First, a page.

On February 13t, President Bush signed into law the Economic Stimulus Act of 2008 (“the Act”). The highlights of the tax effects of the Act on individuals and businesses are provided below.
Increase in 2008 Section 179 Expensing Election
Under the Act, all eligible businesses will be able to expense (rather than depreciate) up to $250,000 of qualifying property placed into service in tax years beginning in 2008 (pre-Act limit $128,000). The $250,000 maximum expense amount is reduced dollar for dollar by the amount of qualifying property in excess of $800,000 (pre-Act $510,000) placed in service for the tax year beginning in 2008. Qualifying property is generally depreciable tangible personal property, as well as off the shelf software, for which the original use commences with the taxpayer. The expensing election under the Act is limited, as under prior law, to the entire trade or business taxable income of the taxpayer calculated without the expensing election. Prior law expensing limits continue to apply for tax years beginning after 2008.
Bonus Depreciation for Assets Acquired and Placed in Service in 2008
The Act generally allows a bonus first year depreciation deduction equal to 50% of the cost of qualified property acquired and placed in service during calendar 2008 (including 2009 for certain aircraft and property with a long production period). The bonus depreciation is allowed for both regular tax and alternative minimum tax computations. The types of property eligible for bonus depreciation are similar to prior year versions of this law, including: 1) tangible personal property with a recovery period not exceeding 20 years; 2) purchased computer software; and 3) qualified leasehold improvement property.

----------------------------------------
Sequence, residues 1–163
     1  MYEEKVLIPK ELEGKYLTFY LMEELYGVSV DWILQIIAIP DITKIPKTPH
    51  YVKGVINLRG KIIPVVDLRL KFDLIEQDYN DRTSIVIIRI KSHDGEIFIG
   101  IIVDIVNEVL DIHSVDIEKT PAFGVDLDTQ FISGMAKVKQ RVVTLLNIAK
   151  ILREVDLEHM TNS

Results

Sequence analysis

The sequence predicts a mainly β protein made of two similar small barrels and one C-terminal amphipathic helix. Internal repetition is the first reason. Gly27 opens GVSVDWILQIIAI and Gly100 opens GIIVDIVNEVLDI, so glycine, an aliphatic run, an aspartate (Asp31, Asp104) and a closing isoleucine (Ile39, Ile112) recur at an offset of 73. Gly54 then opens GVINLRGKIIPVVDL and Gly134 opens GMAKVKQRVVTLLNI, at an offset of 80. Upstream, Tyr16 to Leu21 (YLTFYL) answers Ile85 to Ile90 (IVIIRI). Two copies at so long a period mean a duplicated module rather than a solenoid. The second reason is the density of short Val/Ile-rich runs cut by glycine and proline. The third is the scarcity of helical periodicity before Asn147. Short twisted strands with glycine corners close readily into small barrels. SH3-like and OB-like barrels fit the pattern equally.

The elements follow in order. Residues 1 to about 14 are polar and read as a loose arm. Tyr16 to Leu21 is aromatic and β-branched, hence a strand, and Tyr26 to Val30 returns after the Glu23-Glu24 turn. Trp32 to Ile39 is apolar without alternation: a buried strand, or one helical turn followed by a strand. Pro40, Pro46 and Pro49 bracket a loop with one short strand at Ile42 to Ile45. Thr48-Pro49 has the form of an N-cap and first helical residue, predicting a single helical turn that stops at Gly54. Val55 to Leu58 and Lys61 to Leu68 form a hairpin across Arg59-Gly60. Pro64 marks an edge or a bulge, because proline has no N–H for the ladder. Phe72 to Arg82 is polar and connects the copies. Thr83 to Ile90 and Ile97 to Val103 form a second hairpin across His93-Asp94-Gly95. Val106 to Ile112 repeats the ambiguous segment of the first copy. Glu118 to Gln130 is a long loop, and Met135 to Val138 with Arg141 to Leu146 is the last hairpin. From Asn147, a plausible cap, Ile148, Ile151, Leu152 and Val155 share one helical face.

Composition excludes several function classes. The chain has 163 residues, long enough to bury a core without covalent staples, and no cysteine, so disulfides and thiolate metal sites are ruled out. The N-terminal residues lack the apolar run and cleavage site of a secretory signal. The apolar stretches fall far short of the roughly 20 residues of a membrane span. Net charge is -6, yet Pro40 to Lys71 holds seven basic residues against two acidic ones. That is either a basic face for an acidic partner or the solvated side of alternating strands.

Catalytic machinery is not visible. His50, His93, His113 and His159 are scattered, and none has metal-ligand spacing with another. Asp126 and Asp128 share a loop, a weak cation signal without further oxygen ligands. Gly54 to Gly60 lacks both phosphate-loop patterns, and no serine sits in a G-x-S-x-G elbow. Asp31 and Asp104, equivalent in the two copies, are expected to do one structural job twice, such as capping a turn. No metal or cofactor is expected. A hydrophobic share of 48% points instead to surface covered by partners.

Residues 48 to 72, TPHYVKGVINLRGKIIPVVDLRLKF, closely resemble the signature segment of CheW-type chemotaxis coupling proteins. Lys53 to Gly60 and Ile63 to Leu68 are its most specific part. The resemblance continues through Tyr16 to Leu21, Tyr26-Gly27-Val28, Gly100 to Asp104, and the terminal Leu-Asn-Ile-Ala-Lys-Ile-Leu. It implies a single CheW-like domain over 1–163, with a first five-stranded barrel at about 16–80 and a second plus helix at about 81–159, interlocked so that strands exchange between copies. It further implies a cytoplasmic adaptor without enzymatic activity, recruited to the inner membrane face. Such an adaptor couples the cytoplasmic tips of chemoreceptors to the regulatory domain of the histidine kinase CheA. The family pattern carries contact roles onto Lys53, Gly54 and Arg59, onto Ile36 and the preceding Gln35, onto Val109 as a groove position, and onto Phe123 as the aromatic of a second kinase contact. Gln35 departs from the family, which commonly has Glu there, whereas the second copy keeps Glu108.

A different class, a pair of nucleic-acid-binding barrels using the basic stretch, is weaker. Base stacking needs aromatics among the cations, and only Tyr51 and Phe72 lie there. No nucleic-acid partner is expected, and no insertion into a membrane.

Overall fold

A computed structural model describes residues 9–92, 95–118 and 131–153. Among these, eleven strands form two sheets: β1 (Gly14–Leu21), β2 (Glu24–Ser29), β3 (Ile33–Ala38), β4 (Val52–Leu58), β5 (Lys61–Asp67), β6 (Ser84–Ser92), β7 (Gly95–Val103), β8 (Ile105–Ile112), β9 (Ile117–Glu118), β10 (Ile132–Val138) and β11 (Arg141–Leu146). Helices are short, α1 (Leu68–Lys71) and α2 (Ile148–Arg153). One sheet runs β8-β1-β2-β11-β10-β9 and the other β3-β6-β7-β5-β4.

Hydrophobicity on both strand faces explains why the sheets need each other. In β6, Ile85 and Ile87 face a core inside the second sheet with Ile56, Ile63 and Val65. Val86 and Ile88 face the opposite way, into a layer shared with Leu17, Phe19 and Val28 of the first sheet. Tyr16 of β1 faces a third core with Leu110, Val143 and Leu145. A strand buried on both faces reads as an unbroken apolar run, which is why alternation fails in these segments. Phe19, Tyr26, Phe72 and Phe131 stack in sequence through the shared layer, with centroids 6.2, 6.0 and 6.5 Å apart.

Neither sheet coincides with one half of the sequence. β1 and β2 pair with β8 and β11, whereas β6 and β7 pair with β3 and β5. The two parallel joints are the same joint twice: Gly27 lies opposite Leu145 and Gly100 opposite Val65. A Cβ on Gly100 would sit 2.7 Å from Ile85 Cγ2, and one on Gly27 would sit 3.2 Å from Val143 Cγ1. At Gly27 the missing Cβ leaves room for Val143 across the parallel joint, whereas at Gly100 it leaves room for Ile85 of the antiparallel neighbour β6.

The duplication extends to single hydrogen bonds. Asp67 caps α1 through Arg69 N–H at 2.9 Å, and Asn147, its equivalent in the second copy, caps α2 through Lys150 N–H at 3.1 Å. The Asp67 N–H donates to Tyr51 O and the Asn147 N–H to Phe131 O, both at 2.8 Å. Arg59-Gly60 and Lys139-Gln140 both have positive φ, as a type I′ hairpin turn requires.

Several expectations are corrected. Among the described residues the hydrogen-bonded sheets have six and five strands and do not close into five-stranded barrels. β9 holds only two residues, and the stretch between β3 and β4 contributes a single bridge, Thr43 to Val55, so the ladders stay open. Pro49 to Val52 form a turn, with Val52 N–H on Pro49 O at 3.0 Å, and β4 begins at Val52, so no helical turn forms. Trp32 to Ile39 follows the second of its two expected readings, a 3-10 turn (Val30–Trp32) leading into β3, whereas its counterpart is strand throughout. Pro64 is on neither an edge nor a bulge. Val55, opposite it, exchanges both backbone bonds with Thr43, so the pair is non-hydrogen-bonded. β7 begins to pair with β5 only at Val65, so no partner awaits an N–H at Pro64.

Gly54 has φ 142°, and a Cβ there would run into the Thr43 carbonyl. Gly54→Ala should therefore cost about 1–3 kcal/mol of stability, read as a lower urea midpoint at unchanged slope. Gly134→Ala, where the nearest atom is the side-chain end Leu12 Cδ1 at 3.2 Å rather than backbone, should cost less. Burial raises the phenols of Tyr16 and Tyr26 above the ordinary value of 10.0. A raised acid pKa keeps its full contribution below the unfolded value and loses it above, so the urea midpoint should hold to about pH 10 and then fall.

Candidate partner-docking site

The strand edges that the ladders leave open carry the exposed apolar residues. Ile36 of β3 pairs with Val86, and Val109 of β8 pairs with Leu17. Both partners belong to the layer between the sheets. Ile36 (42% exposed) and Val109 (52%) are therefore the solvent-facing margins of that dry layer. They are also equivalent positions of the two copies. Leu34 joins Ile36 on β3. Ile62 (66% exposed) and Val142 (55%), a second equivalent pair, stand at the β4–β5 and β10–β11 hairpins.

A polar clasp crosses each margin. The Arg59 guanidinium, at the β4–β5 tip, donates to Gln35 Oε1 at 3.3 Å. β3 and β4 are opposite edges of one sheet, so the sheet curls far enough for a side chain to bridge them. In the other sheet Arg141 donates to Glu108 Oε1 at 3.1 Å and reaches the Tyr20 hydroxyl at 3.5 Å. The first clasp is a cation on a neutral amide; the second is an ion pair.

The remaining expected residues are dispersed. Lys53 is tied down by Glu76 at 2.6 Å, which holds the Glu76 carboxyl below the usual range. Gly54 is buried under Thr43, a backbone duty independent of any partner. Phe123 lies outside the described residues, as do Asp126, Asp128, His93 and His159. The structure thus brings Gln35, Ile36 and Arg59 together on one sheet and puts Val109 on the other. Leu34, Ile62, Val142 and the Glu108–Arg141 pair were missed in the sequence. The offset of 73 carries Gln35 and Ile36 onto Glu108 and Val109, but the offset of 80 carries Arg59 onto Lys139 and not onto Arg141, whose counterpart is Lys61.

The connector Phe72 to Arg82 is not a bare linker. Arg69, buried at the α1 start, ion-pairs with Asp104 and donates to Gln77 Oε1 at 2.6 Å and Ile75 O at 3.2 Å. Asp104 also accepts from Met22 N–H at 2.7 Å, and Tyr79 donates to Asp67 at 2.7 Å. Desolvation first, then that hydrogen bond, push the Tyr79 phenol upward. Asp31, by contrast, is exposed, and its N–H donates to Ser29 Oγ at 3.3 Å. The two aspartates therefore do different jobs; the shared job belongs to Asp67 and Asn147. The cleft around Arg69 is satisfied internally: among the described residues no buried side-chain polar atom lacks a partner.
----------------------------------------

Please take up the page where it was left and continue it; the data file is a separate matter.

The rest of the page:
Individual Tax Rebates
The focus of the Act in the media has been the rebates that will be paid to individual taxpayers. The rebates are targeted to be paid in May 2008 (but not before the taxpayer files their 2007 return), and will range from $300 to $600 for individual filers, and $600 to $1,200 for joint return filers, plus $300 per child under age 17. However, most higher income earners will not be
eligible for any rebate. The potential rebate is reduced by 5% of the taxpayer’s 2007 adjusted gross income that exceeds $75,000 for single taxpayers and $150,000 for joint filers. The Senate amendments to the related House bill extended the rebates to taxpayers whose only income consists of Social Security or veterans’ disabilty payments.
This article is a summary and is not intended as tax or legal advice. You should consult with your tax advisor to obtain specific advice with respect to your fact pattern.
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